21 AP Biology Birds Herbivores Plants amino acids Carnivores Atmospheric nitrogen loss to deep sediments Fish Plankton with nitrogen-fixing bacteria Nitrogen-fixing bacteria (plant roots) Nitrogen-fixing bacteria (soil) Denitrifying bacteria Death, excretion, feces Nitrifying bacteria soil nitrates excretion Decomposing bacteria Ammonifying bacteria Nitrogen cycle abiotic reservoir:  N in atmosphere enter food chain:  nitrogen fixation by soil & aquatic bacteria recycle:  decomposing & nitrifying bacteria return to abiotic:  denitrifying bacteria abiotic reservoir:  N in atmosphere enter food chain:  nitrogen fixation by soil & aquatic bacteria recycle:  decomposing & nitrifying bacteria return to abiotic:  denitrifying bacteria

22 AP Biology  Nitrogen fixation-bacteria convert gaseous nitrogen to ammonia  Denitrification-conversion of nitrate or nitrite to gaseous nitrogen or nitrogen oxide by certain bacteria in the soil  Human activities add nitrogen to ecosystems. Use of fertilizer and fossil fuel burning are examples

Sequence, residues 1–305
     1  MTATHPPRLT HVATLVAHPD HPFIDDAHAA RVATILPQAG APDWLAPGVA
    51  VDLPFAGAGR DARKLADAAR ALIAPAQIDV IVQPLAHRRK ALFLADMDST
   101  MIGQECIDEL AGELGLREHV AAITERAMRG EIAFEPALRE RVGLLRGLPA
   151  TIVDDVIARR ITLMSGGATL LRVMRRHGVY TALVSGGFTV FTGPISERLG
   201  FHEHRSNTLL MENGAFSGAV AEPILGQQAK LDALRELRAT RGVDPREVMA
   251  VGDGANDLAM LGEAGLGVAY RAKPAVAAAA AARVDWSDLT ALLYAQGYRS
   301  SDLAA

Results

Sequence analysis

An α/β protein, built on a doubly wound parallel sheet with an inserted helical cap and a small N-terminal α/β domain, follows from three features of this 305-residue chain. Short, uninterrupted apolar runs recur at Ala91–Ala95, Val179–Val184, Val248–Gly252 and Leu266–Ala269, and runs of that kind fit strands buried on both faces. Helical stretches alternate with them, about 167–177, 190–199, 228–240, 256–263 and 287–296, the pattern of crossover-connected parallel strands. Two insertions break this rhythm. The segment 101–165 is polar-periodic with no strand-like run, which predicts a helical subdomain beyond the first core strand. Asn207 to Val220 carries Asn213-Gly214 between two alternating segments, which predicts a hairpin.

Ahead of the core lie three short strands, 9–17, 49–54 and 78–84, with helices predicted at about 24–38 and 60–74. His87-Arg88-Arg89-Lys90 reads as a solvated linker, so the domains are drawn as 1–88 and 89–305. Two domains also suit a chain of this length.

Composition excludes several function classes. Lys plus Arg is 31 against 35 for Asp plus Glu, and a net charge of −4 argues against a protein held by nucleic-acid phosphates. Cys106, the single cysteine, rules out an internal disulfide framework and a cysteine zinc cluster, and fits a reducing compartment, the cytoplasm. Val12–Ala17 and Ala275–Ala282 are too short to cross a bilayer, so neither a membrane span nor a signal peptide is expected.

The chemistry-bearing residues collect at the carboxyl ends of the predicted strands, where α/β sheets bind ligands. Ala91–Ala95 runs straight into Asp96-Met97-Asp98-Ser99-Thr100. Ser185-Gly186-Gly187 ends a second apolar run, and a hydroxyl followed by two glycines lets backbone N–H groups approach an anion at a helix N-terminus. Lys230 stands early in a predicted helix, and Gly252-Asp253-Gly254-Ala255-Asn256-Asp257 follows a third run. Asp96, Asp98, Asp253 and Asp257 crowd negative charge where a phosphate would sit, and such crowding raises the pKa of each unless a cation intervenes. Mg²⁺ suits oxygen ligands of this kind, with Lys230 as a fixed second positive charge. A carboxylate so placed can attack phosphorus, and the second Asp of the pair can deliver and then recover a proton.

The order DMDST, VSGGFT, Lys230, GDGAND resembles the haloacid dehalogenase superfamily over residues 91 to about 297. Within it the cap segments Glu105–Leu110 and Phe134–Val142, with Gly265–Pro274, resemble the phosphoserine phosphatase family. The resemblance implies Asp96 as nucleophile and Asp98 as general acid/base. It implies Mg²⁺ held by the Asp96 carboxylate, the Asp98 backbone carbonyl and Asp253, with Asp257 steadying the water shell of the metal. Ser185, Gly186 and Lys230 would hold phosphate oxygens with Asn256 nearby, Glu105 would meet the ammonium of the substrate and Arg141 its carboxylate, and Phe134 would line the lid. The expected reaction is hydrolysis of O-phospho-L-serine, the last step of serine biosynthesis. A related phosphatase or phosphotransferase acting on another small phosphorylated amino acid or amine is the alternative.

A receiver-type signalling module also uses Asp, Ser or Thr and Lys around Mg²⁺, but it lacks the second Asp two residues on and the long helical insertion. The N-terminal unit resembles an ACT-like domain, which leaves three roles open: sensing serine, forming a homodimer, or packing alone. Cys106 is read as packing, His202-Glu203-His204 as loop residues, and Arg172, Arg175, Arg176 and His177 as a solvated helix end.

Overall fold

23 AP Biology

24 Phosphorus cycle Loss to deep sediment Rocks and minerals Soluble soil phosphate Plants and algae Plants Urine Land animals Precipitates Aquatic animals Animal tissue and feces Animal tissue and feces Decomposers (bacteria and fungi) Decomposers (bacteria & fungi) Phosphates in solution Loss in drainage abiotic reservoir:  rocks, minerals, soil enter food chain:  erosion releases soluble phosphate  uptake by plants recycle:  decomposing bacteria & fungi return to abiotic:  loss to ocean sediment abiotic reservoir:  rocks, minerals, soil enter food chain:  erosion releases soluble phosphate  uptake by plants recycle:  decomposing bacteria & fungi return to abiotic:  loss to ocean sediment